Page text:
Individuals with a knack for history, passion for artifacts and noteworthy documents as well as exemplary organizational skills may decide to pursue a career as an archivist. These professionals should also have tremendous computer skills, as many of the archived items they must access regularly appear in digital formats.
According to the U.S. Bureau of Labor Statistics, there is a 14 percent rise in employment projection for archivists through 2026, which is faster than the average rate for all professions. This increase in demand may be a result of the prevalence of electronic records, which are relevant in many different industries in the tracking of historic and otherwise crucial documentation. More than ever, organizations are seeking candidates who are well versed in electronic records management.
The major function of an archivist is to preserve and organize important items. No matter their industry, archivists perform the following duties:
The typical working environment in which archivists conduct their day-to-day duties vary based on their place of employment. They might complete most of their work at a desk, among the public or in a classroom setting. The most common employers of archivists in the U.S. include:Archivist working conditions and hours
Archivists working for corporations, educational institutions or government agencies may work regular business hours. Individuals employed in museums may work evening and weekend hours or on an as-needed basis to preserve historical documents and artifacts.
According to the BLS, the median annual wage for archivists in 2015 was $51,760. According to PayScale, the median earnings of a digital archivist are on the higher end, at $58,006. This is a reflection of different industries’ preference for investing in archivists who are capable of preserving and organizing digital resources in addition to physical copies of items.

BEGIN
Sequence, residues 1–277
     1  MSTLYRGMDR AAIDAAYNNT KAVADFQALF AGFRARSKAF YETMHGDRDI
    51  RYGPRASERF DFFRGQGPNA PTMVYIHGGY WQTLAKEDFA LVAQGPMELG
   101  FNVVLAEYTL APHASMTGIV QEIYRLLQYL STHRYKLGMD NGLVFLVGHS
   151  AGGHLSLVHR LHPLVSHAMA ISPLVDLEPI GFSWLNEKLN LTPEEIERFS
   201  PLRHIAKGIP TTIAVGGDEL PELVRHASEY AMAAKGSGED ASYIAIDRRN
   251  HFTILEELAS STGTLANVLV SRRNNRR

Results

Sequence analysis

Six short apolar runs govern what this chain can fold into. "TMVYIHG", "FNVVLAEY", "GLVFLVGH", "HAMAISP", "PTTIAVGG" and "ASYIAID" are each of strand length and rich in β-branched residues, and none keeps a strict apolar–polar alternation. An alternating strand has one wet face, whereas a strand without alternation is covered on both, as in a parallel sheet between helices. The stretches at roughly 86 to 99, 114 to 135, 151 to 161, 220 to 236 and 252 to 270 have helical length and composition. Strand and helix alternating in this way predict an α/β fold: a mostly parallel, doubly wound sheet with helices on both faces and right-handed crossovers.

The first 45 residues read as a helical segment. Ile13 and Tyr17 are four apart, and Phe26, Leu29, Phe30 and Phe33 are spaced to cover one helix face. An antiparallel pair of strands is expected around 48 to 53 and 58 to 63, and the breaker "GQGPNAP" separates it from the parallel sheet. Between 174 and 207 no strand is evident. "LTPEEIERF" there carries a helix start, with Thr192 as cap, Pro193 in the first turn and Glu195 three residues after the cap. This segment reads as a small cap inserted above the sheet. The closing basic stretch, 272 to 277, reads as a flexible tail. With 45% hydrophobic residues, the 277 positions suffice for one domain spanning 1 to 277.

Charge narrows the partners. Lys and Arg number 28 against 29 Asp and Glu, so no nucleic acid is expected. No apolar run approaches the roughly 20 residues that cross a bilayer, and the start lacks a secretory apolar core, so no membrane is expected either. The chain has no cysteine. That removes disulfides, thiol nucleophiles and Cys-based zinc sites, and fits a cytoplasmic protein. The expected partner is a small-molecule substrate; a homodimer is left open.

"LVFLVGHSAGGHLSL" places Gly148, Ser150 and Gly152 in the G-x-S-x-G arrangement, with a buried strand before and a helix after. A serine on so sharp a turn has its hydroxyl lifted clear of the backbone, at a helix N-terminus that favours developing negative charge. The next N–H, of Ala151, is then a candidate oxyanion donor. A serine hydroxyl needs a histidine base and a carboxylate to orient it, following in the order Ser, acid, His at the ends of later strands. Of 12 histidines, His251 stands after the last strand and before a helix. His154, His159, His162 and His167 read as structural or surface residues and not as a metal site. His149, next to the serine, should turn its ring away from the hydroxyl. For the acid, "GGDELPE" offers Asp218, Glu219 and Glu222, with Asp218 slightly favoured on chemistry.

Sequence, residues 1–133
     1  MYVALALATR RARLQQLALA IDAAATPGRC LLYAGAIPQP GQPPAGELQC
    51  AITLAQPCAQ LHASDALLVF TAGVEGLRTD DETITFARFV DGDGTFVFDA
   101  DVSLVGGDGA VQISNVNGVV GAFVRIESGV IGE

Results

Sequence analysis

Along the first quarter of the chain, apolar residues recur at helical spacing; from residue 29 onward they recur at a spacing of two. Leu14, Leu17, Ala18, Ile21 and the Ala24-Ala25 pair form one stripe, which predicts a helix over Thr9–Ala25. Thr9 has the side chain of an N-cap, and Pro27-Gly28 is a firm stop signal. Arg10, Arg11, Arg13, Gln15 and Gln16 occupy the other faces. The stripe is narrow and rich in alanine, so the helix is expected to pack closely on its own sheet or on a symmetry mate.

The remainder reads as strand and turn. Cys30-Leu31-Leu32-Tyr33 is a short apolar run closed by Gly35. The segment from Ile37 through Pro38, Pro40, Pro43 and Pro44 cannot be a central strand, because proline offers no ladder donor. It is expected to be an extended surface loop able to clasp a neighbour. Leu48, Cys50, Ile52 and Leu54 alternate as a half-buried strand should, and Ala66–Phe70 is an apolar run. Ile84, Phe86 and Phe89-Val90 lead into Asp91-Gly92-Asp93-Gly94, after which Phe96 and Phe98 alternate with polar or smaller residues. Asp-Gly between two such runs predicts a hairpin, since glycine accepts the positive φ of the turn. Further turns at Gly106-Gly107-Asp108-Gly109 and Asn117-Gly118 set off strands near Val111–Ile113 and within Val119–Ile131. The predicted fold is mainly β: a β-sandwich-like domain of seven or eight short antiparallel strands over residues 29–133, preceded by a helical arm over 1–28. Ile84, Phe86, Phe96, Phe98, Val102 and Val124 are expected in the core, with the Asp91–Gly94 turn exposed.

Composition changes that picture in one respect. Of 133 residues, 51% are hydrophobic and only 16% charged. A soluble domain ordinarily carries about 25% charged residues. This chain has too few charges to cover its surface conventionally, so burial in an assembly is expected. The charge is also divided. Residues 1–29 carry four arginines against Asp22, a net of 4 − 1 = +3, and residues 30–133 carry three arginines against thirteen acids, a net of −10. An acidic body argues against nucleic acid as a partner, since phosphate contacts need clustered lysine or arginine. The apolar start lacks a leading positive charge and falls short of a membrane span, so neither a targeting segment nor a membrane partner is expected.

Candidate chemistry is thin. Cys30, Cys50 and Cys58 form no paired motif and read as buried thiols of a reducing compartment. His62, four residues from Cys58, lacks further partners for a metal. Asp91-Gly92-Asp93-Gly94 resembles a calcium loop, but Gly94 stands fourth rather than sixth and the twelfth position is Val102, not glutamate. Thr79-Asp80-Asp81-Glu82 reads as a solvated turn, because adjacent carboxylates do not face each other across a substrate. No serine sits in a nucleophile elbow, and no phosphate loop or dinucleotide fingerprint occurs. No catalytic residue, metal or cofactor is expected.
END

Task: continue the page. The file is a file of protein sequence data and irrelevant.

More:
How to become an archivist
Individuals looking toward a career as an archivist typically cannot achieve this title immediately after completing their undergraduate studies. To get a job as an archivist, candidates typically need to have a master’s degree in History, Library & Information Science, Political Science or Public Administration. At more competitive museums and agencies, candidates may not be considered without a relevant doctorate degree. During their graduate studies, they may have the opportunity to take courses in archival studies and even earn a concentration in this specialization.
Students can also gain invaluable experience in this field through volunteer programs and internships with local museums, government agencies or corporations. They may even have the ability to work directly for the university’s archives.
After completing their graduate education, archivists may pursue a voluntary certification program in which they can gain expertise in one specific area. They may consider gaining credentials through the Academy of Certified Archivists, which typically requires professional experience as an archivist and a passing score on the qualifying exam. Professionals who have completed this achievement must renew their certification regularly by completing continuing education credits or retaking the exam.